The mother who appears in Loach’s debut feature, “Poor Cow” (1968), has also, like Maggie, suffered abuse, but the two films could not be more different. I first saw “Poor Cow” some time in the ’80s, and a recent rewatch convinced me I had failed to fully appreciate both the loveliness of its color-soaked images and the radical feminism of its stance. Adapted from Nell Dunn’s 1967 novel, it remains Loach’s most wistful and formally experimental film, following Joy (Carol White, glowing like a pop-art angel) as she uses her beauty to scrape by when her boyfriend (a scrumptious Terence Stamp) lands in prison. (Some of Stamp’s footage was ingeniously repurposed by Steven Soderbergh for his 1999 thriller, “The Limey,” in which Stamp also stars and whose character appears in flashbacks as a young man.)

There’s a winsome innocence to this movie, and to Joy’s promiscuity: She refuses to “turn professional,” as a friend urges, because she enjoys sex too much. (The film’s title uses a British slur for a loose woman.) Accompanied by Donovan’s plaintive soundtrack, Joy is a philosopher-flâneuse, wandering the laundry-draped courtyards and agitated streets of West London and telling us, in desirous voice-over, exactly what she wants. Whatever that may be, the film insists, she’s as entitled to it as any man.

Viewed en masse, Loach’s movies form a cinema of working-class superheroes, caped in hard-knock resilience. The modesty of their ambitions — they aspire to sufficiency, not luxury — might mystify viewers accustomed to Hollywood’s narrative excesses. Joy seeks happiness in “a man, a baby and a couple of nice new rooms to live in”; Stevie (Robert Carlyle), the itinerant laborer in “Riff-Raff,” dreams of leaving his dodgy construction site and opening a little shop. Yet there’s something touchingly noble in their limitations and pragmatism, exemplified by Stevie’s bracing retort when his girlfriend admits to feeling depressed.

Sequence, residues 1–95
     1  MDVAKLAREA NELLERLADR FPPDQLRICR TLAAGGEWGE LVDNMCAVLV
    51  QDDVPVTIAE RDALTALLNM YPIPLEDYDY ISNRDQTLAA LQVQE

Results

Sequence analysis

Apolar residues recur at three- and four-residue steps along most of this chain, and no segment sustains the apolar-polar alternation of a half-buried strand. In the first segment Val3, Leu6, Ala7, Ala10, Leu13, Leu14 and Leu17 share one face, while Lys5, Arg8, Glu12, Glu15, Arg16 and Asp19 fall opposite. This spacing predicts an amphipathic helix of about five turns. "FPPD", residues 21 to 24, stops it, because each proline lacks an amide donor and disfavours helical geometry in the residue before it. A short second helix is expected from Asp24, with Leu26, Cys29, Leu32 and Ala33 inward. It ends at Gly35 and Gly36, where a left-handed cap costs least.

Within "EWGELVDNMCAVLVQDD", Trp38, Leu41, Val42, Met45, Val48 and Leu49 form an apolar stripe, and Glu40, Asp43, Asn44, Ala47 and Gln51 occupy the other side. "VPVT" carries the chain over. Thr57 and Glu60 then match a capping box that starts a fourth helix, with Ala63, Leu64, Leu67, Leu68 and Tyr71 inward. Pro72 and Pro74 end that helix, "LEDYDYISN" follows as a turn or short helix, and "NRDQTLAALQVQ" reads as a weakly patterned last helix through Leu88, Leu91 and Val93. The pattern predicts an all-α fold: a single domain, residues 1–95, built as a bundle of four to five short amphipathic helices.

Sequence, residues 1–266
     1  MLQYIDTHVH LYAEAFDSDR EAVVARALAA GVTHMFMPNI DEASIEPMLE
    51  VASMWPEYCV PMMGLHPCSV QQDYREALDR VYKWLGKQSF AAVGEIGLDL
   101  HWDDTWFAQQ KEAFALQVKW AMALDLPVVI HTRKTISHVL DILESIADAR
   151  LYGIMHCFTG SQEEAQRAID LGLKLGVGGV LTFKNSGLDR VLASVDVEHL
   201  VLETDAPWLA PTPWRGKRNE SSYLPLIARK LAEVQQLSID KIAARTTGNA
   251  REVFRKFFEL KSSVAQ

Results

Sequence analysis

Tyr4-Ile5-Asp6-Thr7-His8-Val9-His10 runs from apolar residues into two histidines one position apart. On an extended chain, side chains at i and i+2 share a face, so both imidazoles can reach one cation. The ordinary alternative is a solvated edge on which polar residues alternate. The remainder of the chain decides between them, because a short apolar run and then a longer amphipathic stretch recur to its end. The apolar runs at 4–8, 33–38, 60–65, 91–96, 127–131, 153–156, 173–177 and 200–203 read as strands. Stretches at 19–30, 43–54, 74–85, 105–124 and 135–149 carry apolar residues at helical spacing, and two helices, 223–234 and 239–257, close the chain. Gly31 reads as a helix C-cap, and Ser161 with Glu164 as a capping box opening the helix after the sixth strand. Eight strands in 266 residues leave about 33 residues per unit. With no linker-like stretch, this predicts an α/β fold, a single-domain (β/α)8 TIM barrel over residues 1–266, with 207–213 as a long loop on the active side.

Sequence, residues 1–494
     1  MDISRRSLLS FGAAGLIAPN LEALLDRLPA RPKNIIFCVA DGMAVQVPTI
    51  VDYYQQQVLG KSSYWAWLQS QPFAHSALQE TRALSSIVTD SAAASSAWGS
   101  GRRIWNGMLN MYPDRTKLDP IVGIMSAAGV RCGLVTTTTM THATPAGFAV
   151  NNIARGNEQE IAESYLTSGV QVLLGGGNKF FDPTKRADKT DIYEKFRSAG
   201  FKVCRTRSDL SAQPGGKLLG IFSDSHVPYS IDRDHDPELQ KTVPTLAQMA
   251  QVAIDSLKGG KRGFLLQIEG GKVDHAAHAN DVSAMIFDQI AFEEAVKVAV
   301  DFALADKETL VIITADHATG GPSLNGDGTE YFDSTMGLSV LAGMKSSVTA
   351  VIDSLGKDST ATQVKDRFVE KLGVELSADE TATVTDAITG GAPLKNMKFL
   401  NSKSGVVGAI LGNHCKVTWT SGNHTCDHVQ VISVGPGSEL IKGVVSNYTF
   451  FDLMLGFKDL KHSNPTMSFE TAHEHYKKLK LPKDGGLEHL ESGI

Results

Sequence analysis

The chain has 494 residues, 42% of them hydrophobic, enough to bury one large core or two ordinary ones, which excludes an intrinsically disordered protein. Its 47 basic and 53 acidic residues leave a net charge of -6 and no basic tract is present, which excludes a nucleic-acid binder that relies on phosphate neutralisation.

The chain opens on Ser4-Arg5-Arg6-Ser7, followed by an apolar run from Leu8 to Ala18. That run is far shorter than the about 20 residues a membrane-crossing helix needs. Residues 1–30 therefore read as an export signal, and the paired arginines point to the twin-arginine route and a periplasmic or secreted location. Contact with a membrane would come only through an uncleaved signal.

“Depression’s for the middle class,” he snaps. “The rest of us have an early start in the morning.”

 
 
 Posted:   May 23, 2024 - 8:20 PM   
 By:   Howard L   (Member)

Oh what I would do to head over to Barnsley and be a part of this:

https://www.bbc.com/news/uk-england-south-yorkshire-69016071

 
 Posted:   May 23, 2024 - 11:42 PM   
 By:   Stephen Woolston   (Member)

The Ronnie Steele mentioned in that article had Barry Hines and Brian Glover as teachers and went to school with my uncle.

As you know Howard, I went to the Kes school (St. Helen's Comprehensive, Carlton Road, Barnsley) and Mr. Hesketh, the teacher who pulls Casper out in the assembky scene (Mr. Hesketh) was one of my teachers.

(Side note: Mr. Hesketh loved James Bond movies.)

Cheers

 
 
 Posted:   May 24, 2024 - 5:20 PM   
 By:   Howard L   (Member)

Back at’cha, SW. And speaking of Barry Hines, what a coincidence to see his name associated with Threads which I watched quite recently for the first time.

 
 
 Posted:   May 25, 2024 - 8:41 AM   
 By:   Thor   (Member)

I also saw THREADS for the first time in 2022. Very dark, but also incredibly good film. It was the best "old" film I saw for the first time that year.

Meanwhile, as we're talking Loach and KES, I was NOT impressed with his latest film, THE OLD OAK. I don't know what happened there, but it was maudlin and strained, and a far cry from his last great film, I, DANIEL BLAKE, wherein the social-realist drama flowed freely and nicely.